Casein & Milk Paint Recipe

Casein is the protein extracted from milk and the binder in the paint commonly known as "Milk Paint". Casein is one of the first binders ever used by mankind. Casein can be painted on a variety of surfaces, including wood and plaster. Which ever surface used, it must be a rigid one as casein is too brittle to paint on a flexible surface (such as canvas).

Casein is one of the natural components of milk. Casein is made from precipitated milk, which is then reconverted into glutinous casein glue with the aid of alkali. There are three types of alkali that can be used to convert the casein into a binder: lime, ammonium carbonate and borax.

Lime Casein: is produced by combining the soaked casein with either a powdered or slaked lime. This type of casein is an excellent option for porous surfaces such as plastered walls and raw wood and the binder is durable enough to be used outdoors. Lime Casein is limited by the fact that the binder needs to be used within hours of production and the resulting casein glue still retains a caustic pH balance which means that only alkali proof pigments (see fresco pigments) should be used. Most commercially available milk paints are lime casein.

Ammonium Carbonate Casein: similar to Lime Casein in durability and alkali pigments limitations and also needs to be used immediately after production.

Borax Casein: The most versatile of the three different casein, because it can be prepared and stored for weeks after production and the resulting glue is a pH neutral binder which allows for the use of all pigments. Borax Casein is an excellent binder for fine art applications on wooden panels and can be used for interior walls that are not exposed to moisture (bathrooms & kitchens). Borax Casein is an emulsifier which means that an oil, such as linseed oil, can be added to the glue. This addition makes the binder suitable for outdoor use, but still allows the resulting binder to be thinned and cleaned with water.

Sinopia now also offers prepared  Casein Milk Paint and Tinting Bases in a variety of forms. We offer a prepared Casein Gesso in both White and Black, Casein Milk Paint Base which can be tinted with our pigments, and a palette of Artisanal Milk Paint.

Borax Casein Recipe
ingredients by weight:

2 1/2 oz. (80g) Casein Powder
9 fl. oz. (apr. 250ml) cold water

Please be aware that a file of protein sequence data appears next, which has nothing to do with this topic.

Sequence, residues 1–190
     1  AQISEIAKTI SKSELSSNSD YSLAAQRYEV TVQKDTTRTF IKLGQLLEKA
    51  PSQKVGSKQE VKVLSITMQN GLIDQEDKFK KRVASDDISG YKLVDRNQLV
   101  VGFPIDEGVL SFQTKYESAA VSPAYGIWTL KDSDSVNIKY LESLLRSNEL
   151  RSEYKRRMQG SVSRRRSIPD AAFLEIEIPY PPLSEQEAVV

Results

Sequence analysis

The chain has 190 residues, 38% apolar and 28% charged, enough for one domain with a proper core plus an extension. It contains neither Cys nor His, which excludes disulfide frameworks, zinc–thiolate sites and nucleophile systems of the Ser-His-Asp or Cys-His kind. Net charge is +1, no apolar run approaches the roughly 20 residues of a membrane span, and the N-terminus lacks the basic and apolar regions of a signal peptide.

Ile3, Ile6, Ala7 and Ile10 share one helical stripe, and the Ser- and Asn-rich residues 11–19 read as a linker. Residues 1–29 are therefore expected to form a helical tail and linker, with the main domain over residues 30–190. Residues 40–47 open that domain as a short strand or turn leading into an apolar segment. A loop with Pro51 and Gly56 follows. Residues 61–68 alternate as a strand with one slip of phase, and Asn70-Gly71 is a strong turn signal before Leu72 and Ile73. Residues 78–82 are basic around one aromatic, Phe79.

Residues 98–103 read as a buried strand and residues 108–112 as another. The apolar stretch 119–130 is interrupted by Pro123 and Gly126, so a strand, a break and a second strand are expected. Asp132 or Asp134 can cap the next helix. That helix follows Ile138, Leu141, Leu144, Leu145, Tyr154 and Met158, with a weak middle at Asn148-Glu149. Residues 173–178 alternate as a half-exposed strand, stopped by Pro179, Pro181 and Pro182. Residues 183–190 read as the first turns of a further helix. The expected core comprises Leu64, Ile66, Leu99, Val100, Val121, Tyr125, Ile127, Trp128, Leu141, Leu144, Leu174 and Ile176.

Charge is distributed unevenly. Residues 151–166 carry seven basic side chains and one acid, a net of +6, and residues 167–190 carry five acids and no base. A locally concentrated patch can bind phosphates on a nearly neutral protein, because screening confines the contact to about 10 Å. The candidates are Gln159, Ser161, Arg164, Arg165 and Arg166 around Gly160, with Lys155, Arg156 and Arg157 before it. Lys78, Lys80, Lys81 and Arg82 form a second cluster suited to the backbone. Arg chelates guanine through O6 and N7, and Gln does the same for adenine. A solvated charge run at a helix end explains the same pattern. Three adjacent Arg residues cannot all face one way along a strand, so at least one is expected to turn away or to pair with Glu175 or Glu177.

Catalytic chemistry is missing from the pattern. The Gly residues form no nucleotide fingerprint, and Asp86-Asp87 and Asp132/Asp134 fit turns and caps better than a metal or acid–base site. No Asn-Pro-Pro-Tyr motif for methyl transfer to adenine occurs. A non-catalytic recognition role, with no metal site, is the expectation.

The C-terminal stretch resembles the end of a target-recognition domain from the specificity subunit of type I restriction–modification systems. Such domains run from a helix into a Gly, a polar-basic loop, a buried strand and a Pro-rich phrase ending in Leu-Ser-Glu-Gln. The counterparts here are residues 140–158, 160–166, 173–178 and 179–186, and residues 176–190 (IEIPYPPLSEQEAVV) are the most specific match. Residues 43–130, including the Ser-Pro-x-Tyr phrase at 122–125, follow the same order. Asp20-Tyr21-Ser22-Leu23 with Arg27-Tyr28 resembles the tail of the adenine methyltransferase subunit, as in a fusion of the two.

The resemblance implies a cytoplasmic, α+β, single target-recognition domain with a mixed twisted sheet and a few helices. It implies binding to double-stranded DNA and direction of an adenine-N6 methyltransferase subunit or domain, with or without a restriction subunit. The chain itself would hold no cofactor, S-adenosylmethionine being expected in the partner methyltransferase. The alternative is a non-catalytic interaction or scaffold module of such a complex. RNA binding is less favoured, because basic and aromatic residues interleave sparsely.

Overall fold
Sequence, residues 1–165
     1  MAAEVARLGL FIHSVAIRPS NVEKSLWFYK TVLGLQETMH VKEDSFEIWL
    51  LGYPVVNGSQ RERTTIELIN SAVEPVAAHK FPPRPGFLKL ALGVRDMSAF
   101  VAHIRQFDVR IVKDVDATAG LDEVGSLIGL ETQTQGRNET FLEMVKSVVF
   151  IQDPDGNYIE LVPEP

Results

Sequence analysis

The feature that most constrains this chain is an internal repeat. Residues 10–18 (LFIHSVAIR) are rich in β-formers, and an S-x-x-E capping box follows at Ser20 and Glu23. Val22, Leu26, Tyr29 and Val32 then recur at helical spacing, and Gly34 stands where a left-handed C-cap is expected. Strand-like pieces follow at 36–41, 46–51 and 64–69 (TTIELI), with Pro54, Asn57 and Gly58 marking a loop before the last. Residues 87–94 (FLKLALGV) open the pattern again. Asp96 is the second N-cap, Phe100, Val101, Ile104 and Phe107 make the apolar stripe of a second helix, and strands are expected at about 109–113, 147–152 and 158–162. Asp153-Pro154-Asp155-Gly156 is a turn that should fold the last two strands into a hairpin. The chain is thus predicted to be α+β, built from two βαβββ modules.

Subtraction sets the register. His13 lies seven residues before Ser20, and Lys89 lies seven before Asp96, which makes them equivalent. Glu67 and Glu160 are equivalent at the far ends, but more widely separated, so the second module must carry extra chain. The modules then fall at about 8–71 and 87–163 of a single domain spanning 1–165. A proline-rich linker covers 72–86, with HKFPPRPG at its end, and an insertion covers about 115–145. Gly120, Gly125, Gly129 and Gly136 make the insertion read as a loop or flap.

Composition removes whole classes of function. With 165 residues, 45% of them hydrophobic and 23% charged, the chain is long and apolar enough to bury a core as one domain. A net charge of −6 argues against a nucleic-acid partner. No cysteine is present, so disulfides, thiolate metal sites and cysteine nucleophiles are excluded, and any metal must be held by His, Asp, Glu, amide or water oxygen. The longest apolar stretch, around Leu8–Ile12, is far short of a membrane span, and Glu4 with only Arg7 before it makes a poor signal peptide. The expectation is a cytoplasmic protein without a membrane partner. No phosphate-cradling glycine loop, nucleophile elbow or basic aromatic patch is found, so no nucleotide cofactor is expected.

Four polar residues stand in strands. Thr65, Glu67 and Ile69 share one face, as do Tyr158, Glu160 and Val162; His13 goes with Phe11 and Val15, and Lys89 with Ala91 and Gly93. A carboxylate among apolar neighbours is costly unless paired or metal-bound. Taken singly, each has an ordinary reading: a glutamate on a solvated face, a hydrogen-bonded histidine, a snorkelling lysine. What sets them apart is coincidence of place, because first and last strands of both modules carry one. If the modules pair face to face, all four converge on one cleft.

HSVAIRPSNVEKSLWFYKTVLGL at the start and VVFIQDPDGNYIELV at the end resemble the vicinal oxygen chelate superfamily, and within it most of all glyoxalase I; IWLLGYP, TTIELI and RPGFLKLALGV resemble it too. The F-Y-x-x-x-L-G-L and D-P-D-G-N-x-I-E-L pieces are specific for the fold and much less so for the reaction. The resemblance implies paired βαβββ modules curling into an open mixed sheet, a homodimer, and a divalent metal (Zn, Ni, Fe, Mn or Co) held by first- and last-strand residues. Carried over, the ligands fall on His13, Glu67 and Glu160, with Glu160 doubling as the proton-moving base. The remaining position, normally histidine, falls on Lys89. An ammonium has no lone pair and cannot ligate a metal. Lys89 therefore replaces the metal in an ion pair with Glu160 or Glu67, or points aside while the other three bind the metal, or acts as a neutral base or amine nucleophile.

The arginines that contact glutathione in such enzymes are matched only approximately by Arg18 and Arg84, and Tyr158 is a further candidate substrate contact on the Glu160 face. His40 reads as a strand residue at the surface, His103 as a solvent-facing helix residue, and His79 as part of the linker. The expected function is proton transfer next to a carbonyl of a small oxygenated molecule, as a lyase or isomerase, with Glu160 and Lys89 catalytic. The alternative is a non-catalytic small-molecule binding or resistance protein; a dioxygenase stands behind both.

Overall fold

1 oz. (32g)Crystalline Borax
9 fl. oz. (apr. 250ml) hot water volume

5 Parts of Casein w/ 9 Parts Cold Water
2 Parts Crystalline Borax w/ 9 Parts Hot Water

  1. Soak Casein powder in cold water in a covered container overnight.
  2. Dissolve Borax Powder in hot water.
  3. Add Borax Solution to the Casein Solution and stir.
  4. Hydrolysis will start right away and must be completed before the next step (wait approx. 2 hours until no more swelled casein particles can be seen and the yellowish mass is evenly translucent)
  5. Heat the solution in a double boiler until it becomes liquid (140° F).
  6. Once the solution has cooled, it will return to a syrupy consistency and is ready to be used as a pigment binder.
  7. Important: thin resulting mixture with water in a 1:1 ratio. The full strength glue is too strong and will crack after application.
As with all water-based media, the chosen pigment has to be wetted first. This is achieved by adding small amounts of water to the dry pigment. Then using a palette knife or spatula, the water is worked into the pigment until it retains a paste consistency. The casein solution is then added TO the color paste sparingly. The casein to pigment ratio can not be described in exact proportions. The amount of pigment varies according to desired opacity. The amount of binder (casein solution) varies according to pigment. Before use, apply small amounts to a piece of cardboard to make sure that there is a sufficient amount of binder. If the pigment comes off after a gentle rubbing, add more casein solution. Once pigment and binder have been combined to desired consistency, the resulting paint can be thinned with water.

Borax Casein Gesso Recipe

Casein Glue (see above): 9 Parts
Chalk (French Chalk): 4 Parts
Zinc White (or Titanium) Pigment: 4 Parts

  1. Combine Chalk and Pigment.
  2. Slowly add mixture to Casein Glue.
  3. Mix until smooth.
  4. Strain gesso through cheese cloth to ensure that there are no lumps. (optional)
  5. Apply in thin layers to a panel that has been sized with Casein Glue.

Casein Gesso makes an excellent ground to use for any type of paint; it is particularly good for Casein paints.

Lime Casein Recipe

40 Grams of Casein Powder
125cc. Cold Water
33 grams Slaked Lime Putty

  1. Soak Casein Powder in cold water in a covered container overnight.
  2. Remove excess water from casein by squeezing the soaked casein through a cloth.
  3. Thoroughly mix Casein and Slaked Lime together in a mortar and pestle.
  4. To prevent lumps, grind the soaked casein prior to being added to the lime. (optional)
  5. Within a minute the hydrolyzation will be complete.
  6. Immediately following hydrolyzation, dilute mixture with water to a brushable consistency. The volume of water should not exceed the volume of the casein-lime mixture. This binder is then ready to use with alkali fast (see fresco pigments) pigments.
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